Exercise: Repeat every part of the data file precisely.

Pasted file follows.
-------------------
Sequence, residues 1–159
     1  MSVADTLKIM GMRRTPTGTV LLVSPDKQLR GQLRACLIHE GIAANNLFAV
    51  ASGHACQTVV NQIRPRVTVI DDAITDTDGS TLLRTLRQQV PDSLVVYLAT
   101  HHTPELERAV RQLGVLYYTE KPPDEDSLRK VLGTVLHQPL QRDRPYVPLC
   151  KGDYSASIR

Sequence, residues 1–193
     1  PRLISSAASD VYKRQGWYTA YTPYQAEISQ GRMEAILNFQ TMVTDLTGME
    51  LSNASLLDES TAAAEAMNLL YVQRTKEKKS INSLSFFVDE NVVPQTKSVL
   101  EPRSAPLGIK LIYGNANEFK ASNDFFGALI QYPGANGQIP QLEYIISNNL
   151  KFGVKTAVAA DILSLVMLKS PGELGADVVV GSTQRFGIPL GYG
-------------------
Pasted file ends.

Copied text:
Sequence, residues 1–159
     1  MSVADTLKIM GMRRTPTGTV LLVSPDKQLR GQLRACLIHE GIAANNLFAV
    51  ASGHACQTVV NQIRPRVTVI DDAITDTDGS TLLRTLRQQV PDSLVVYLAT
   101  HHTPELERAV RQLGVLYYTE KPPDEDSLRK VLGTVLHQPL QRDRPYVPLC
   151  KGDYSASIR

Sequence, residues 1–193
     1  PRLISSAASD VYKRQGWYTA YTPYQAEISQ GRMEAILNFQ TMVTDLTGME
    51  LSNASLLDES TAAAEAMNLL YVQRTKEKKS INSLSFFVDE NVVPQTKSVL
   101  EPRSAPLGIK LIYGNANEFK ASNDFFGALI QYPGANGQIP QLEYIISNNL
   151  KFGVKTAVAA DILSLVMLKS PGELGADVVV GSTQRFGIPL GYG